Considering the complexity of the interactions I’ve had with Dionysos (the relationship between Poseidon and Dionysos is, at best, a Mystery that I have on hopes of getting into words, and am not even going to try, but it has not ever been easy or necessarily pleasant, these brief interactions) the fact that the portrayal of Dionysos in the series was the most off-putting for me and thus is what turned me away from them after the first three books is somewhat amusing.

But then I was chatting about them in brief with Terence a while ago, and trying to explain why I didn’t care for them. And I thought: the series is finished now. Why not try again?

I’m not sure what’s changed about them, so much. I’m only halfway through the second book (for the second time) but I’m finding them entertaining-enough. I love, even without having read them, how they’ve brought an awareness of Poseidon to the minds of people who might not have come across Him. Yes, I know, fiction . . . but I don’t care. And I don’t hate how much easier it is to find trident images and pendants and jewellery now that it was twenty years ago.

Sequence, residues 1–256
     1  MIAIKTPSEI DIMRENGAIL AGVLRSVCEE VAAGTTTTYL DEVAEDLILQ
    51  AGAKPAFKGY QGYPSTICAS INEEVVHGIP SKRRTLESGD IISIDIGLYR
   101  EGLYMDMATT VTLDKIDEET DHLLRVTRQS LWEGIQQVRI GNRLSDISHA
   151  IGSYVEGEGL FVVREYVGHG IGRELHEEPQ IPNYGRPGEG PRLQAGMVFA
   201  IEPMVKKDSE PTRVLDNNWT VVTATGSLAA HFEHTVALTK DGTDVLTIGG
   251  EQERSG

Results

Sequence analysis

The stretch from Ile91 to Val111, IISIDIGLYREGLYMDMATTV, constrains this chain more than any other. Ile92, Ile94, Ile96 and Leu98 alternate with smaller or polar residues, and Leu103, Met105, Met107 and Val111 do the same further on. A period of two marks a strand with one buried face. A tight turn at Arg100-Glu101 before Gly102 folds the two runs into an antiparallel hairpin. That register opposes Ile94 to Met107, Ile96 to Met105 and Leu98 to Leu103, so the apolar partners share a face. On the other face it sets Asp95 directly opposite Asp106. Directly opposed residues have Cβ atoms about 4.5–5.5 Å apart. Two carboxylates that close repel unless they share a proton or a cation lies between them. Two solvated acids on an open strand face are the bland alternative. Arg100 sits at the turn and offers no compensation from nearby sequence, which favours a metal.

So, to sum up: yay Poseidon!


7 thoughts on “Giving it another go — Percy Jackson

  1. I’m one of the few pagans who loves Rick Riordan YA books (but dislikes the author), I don’t know what it is but I find them fun and enjoyable. They helped me keep distracted during a depressed phase and I’m also one of the few disabled people who also like the way disability is portrayed on the books, made me feel better as disabled and pagan.

    I loved your post because I also would read something just to see my God in it for a moment, I can identify with that feeling, the books did warmed me to Poseidon even if He is not in my path, I think I knew Him in the light of a few myths and it wasn’t enough but the books made me more aware of a kinder and less limited side, some of the others like Dionysus and Aphrodite were a lot harder to take.

    What I have been noticing and thank you for avoiding it is when people judge a pagan and reader for liking the books, I understand people have different tastes but I have seen polytheists acting like anyone who likes Percy Jackson doesn’t know what is respect towards the Gods and that’s ridiculous.